Rogue Ad Networks Deliver Malware To Mobile Devices

Software developers in search of more income are adopting relatively unknown ad networks, but the frameworks may deliver more than just ads, warn security firms

4 Min Read

Technologically savvy criminals have begun creating fraudulent advertising networks as a mechanism to spread malware, potentially escaping the detection of sentinel programs, such as Google's Bouncer and Apple's App Store vetting process, aimed at detecting malicious code, security researchers say.

Researchers at network security firm Palo Alto Networks identified an advertising network -- apparently operated from Asia -- that has been stealthily infecting Android-based mobile devices with malicious software, the company stated in a blog post published on Monday. The attack is unrecognized by current mobile-security software and runs quietly in memory until the user attempts to install an application, at which point the program attempts to hitchhike on the installation process.

"We have all these attacks slipping through an Asian ad network, and all the malware coming out of that network is essentially is unknown," says Wade Williamson, a senior security analyst at Palo Alto. "It both doesn't have a signature with any of the mobile antivirus apps ... it's a delivery mechanism that is proving very successful."

Advertising has taken off as the dominant form of revenue for mobile application makers. Facebook's financial results released in late July highlights the trend. Mobile advertising accounted for 41 percent of revenue in the second quarter, up from 14 percent a year earlier, according to the firm.

Smaller players have been reliant on advertising as well. More than half of all free mobile applications -- and 28 percent of all paid applications -- include code from advertising frameworks, according to Appthority, which rates mobile applications based on their security and privacy.

While advertising networks that have failed to vet their clientele have caused some security problems for PC users in the past, the security issue has spread to mobile devices as well. Earlier this year, mobile-security firm Lookout found that a Russian ad network appeared to have been created with the express purpose of infecting users. The ad network, dubbed BadNews, had been built into nearly three dozen apps with at least 2.2 millions downloads, the firm stated. "BadNews is spun to look like an ordinary advertising network SDK and is hosted in a number of innocuous applications that range from Russian dictionary apps to popular games."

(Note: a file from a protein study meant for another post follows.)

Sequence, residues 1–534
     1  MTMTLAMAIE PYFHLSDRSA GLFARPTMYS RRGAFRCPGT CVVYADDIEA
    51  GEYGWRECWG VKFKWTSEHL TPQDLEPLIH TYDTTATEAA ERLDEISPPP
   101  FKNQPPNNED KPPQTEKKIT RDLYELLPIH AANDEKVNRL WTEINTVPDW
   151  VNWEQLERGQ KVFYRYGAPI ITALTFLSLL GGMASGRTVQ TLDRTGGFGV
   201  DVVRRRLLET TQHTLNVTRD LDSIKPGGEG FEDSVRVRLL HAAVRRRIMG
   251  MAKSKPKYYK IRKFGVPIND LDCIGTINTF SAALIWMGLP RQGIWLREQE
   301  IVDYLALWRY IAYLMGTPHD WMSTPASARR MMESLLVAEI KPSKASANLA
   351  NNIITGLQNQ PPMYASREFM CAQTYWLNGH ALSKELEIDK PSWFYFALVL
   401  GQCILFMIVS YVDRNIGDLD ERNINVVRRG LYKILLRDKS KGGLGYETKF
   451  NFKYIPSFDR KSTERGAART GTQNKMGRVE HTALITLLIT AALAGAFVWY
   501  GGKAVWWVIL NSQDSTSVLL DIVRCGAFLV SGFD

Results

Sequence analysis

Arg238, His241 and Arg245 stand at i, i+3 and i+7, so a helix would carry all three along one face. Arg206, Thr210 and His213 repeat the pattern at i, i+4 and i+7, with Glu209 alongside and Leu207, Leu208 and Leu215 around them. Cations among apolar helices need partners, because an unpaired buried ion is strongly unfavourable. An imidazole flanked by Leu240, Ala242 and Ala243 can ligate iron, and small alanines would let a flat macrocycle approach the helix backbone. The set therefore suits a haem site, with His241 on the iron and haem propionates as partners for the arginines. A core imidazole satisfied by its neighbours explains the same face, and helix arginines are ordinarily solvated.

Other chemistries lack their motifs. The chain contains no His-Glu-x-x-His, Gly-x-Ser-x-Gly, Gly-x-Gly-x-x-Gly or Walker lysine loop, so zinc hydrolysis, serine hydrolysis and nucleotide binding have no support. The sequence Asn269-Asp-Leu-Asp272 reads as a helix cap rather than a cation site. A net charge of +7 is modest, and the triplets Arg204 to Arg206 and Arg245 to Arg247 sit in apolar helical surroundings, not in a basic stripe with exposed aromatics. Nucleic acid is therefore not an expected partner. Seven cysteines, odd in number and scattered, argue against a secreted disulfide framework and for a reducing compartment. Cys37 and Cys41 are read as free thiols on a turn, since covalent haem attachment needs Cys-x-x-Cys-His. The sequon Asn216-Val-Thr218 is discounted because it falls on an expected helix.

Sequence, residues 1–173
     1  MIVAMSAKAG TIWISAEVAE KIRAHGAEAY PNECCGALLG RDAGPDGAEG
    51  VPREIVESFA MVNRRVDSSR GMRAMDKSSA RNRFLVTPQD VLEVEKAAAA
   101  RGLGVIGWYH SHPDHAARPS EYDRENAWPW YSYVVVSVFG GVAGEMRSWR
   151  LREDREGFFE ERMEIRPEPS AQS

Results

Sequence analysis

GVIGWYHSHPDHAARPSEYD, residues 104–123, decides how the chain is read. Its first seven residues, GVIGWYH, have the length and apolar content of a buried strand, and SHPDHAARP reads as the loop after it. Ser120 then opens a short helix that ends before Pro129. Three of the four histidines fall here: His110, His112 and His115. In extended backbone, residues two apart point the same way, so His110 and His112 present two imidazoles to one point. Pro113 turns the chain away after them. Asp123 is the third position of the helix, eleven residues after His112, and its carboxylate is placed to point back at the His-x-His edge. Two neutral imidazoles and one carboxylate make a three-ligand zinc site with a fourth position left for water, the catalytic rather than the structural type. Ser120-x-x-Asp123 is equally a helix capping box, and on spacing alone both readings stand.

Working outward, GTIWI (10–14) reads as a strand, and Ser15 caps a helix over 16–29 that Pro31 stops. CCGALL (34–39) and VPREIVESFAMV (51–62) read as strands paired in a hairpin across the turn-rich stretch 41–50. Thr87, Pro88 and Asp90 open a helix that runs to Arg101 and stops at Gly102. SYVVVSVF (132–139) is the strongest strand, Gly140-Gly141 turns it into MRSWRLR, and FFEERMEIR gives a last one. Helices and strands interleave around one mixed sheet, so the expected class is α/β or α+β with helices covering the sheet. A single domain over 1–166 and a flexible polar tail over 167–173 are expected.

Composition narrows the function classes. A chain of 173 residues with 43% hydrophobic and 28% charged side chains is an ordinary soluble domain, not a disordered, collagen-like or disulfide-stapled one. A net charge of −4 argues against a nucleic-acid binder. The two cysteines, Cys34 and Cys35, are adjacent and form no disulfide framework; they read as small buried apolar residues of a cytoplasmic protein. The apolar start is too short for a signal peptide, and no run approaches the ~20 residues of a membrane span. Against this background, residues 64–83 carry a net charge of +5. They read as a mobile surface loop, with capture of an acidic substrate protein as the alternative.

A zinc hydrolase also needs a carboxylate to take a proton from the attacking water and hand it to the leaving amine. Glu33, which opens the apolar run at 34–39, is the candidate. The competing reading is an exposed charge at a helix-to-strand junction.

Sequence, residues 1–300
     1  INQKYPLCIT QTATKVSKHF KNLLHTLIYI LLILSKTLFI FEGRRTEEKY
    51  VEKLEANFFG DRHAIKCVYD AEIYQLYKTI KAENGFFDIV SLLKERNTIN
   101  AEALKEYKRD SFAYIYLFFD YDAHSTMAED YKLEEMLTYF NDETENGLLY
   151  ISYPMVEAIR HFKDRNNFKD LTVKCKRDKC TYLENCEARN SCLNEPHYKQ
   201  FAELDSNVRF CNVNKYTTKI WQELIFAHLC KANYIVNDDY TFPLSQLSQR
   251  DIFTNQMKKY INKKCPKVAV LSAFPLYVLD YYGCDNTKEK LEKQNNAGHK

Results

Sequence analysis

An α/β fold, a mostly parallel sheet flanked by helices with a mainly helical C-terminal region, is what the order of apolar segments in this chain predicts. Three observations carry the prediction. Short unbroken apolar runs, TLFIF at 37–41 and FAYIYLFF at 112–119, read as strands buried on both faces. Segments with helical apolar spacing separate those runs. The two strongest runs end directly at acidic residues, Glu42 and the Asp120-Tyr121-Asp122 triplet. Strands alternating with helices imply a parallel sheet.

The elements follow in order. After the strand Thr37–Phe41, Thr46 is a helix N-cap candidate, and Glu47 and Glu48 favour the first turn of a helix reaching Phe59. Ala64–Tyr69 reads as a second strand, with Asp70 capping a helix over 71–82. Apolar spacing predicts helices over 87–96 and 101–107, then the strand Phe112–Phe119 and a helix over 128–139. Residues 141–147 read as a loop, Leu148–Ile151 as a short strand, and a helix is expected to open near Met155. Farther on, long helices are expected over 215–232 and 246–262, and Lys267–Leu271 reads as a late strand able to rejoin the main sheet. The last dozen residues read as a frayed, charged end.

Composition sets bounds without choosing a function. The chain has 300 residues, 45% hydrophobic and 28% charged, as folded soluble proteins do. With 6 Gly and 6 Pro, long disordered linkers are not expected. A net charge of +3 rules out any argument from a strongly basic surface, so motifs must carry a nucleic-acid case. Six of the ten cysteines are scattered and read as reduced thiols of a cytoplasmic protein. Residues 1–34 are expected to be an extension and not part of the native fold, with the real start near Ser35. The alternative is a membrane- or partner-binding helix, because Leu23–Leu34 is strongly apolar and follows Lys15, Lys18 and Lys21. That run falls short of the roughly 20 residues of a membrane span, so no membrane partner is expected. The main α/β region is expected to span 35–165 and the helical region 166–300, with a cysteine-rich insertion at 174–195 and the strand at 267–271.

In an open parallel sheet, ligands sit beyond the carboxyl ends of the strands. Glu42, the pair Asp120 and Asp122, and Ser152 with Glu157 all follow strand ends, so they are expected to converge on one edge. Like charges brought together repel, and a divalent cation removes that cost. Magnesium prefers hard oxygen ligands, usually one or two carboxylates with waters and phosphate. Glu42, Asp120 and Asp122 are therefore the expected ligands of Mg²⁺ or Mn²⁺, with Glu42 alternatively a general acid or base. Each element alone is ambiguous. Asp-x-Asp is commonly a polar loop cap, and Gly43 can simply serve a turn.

[Researchers demonstrate how ads invoking JavaScript on viewers' browsers en masse could create untraceable networks to wreak DDoS damage. See Creating Browser-Based Botnets Through Online Ad Networks.]

The problem with ad frameworks on mobile devices is that, unlike Flash ads in browsers that can be blocked, the advertising software development kit is built into the mobile application, Palo Alto's Williamson says. The infrastructure of an advertising network is not much different than a home-grown botnet, he says.

"The most intriguing part is that these ad networks are essentially botnets that are sending approved content, and the only difference between a good one and a bad one is the content that it sends," he says.

For the most part, there is little that end users can do unless their network security software or appliance catches the suspicious traffic from malicious applications that make it onto mobile devices. Instead, developers of mobile applications should be cautious with the advertising networks that they incorporate into their applications, says Domingo Guerra, president and co-founder of Appthority.

"Advertising networks have been great to help monetize developers' apps, but they have also added security issues," he says. "They have, in many cases, lowered the overall security profile of the application."

In its recent study of the top-100 paid and free applications on both Android and iOS devices, Appthority found that 83 percent of the top mobile applications had risky behaviors that compromised the user's security or privacy. In many cases, the risky behavior may not have been explicitly programmed into the application, but into the advertising network's software development kit.

Lookout has seen the same problem and advises developers to beware of less reputable advertising networks and any other code libraries.

"Developers need to pay very close attention to any third-party libraries they include in their applications," Lookout stated in its blog post. "Unsafe libraries can put their users and reputation at risk."

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About the Author(s)

Robert Lemos, Contributing Writer

Veteran technology journalist of more than 20 years. Former research engineer. Written for more than two dozen publications, including CNET, Dark Reading, MIT's Technology Review, Popular Science, and Wired News. Five awards for journalism, including Best Deadline Journalism (Online) in 2003 for coverage of the Blaster worm. Crunches numbers on various trends using Python and R. Recent reports include analyses of the shortage in cybersecurity workers and annual vulnerability trends.

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